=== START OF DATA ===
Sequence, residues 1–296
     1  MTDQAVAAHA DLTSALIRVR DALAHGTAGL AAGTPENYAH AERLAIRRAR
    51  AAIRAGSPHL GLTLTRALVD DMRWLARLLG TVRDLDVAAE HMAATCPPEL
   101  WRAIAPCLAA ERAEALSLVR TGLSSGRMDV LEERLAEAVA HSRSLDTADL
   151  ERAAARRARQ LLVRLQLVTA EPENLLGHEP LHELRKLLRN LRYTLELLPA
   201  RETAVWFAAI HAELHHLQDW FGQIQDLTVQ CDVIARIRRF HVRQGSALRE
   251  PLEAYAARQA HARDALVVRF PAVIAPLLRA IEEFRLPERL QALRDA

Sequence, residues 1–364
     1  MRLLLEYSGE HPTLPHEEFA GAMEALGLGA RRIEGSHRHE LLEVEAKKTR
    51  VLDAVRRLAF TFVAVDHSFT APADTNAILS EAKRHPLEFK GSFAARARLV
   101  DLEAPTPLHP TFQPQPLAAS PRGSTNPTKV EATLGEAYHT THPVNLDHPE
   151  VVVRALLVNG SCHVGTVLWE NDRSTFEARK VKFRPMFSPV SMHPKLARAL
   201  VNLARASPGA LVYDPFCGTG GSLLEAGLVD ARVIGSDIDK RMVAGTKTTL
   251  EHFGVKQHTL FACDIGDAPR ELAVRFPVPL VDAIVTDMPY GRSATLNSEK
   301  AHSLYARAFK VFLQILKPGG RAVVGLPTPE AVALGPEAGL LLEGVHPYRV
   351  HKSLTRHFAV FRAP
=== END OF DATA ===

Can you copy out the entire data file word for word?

Sequence, residues 1–296
     1  MTDQAVAAHA DLTSALIRVR DALAHGTAGL AAGTPENYAH AERLAIRRAR
    51  AAIRAGSPHL GLTLTRALVD DMRWLARLLG TVRDLDVAAE HMAATCPPEL
   101  WRAIAPCLAA ERAEALSLVR TGLSSGRMDV LEERLAEAVA HSRSLDTADL
   151  ERAAARRARQ LLVRLQLVTA EPENLLGHEP LHELRKLLRN LRYTLELLPA
   201  RETAVWFAAI HAELHHLQDW FGQIQDLTVQ CDVIARIRRF HVRQGSALRE
   251  PLEAYAARQA HARDALVVRF PAVIAPLLRA IEEFRLPERL QALRDA

Sequence, residues 1–364
     1  MRLLLEYSGE HPTLPHEEFA GAMEALGLGA RRIEGSHRHE LLEVEAKKTR
    51  VLDAVRRLAF TFVAVDHSFT APADTNAILS EAKRHPLEFK GSFAARARLV
   101  DLEAPTPLHP TFQPQPLAAS PRGSTNPTKV EATLGEAYHT THPVNLDHPE
   151  VVVRALLVNG SCHVGTVLWE NDRSTFEARK VKFRPMFSPV SMHPKLARAL
   201  VNLARASPGA LVYDPFCGTG GSLLEAGLVD ARVIGSDIDK RMVAGTKTTL
   251  EHFGVKQHTL FACDIGDAPR ELAVRFPVPL VDAIVTDMPY GRSATLNSEK
   301  AHSLYARAFK VFLQILKPGG RAVVGLPTPE AVALGPEAGL LLEGVHPYRV
   351  HKSLTRHFAV FRAP